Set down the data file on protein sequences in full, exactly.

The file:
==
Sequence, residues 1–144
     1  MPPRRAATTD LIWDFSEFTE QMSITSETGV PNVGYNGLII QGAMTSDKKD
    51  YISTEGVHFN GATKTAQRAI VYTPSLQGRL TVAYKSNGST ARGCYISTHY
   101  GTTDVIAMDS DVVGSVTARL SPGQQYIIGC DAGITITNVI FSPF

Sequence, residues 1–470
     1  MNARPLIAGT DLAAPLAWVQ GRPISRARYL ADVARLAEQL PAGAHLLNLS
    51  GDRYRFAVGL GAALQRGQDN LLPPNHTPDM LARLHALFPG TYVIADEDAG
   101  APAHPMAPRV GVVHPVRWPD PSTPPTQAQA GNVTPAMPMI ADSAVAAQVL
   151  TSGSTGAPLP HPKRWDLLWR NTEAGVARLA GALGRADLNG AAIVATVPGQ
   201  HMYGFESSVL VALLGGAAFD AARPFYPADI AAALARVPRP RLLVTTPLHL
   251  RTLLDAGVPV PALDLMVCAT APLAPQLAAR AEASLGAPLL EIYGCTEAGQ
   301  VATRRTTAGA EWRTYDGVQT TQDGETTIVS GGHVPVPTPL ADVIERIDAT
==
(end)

Sequence, residues 1–144
     1  MPPRRAATTD LIWDFSEFTE QMSITSETGV PNVGYNGLII QGAMTSDKKD
    51  YISTEGVHFN GATKTAQRAI VYTPSLQGRL TVAYKSNGST ARGCYISTHY
   101  GTTDVIAMDS DVVGSVTARL SPGQQYIIGC DAGITITNVI FSPF

Sequence, residues 1–470
     1  MNARPLIAGT DLAAPLAWVQ GRPISRARYL ADVARLAEQL PAGAHLLNLS
    51  GDRYRFAVGL GAALQRGQDN LLPPNHTPDM LARLHALFPG TYVIADEDAG
   101  APAHPMAPRV GVVHPVRWPD PSTPPTQAQA GNVTPAMPMI ADSAVAAQVL
   151  TSGSTGAPLP HPKRWDLLWR NTEAGVARLA GALGRADLNG AAIVATVPGQ
   201  HMYGFESSVL VALLGGAAFD AARPFYPADI AAALARVPRP RLLVTTPLHL
   251  RTLLDAGVPV PALDLMVCAT APLAPQLAAR AEASLGAPLL EIYGCTEAGQ
   301  VATRRTTAGA EWRTYDGVQT TQDGETTIVS GGHVPVPTPL ADVIERIDAT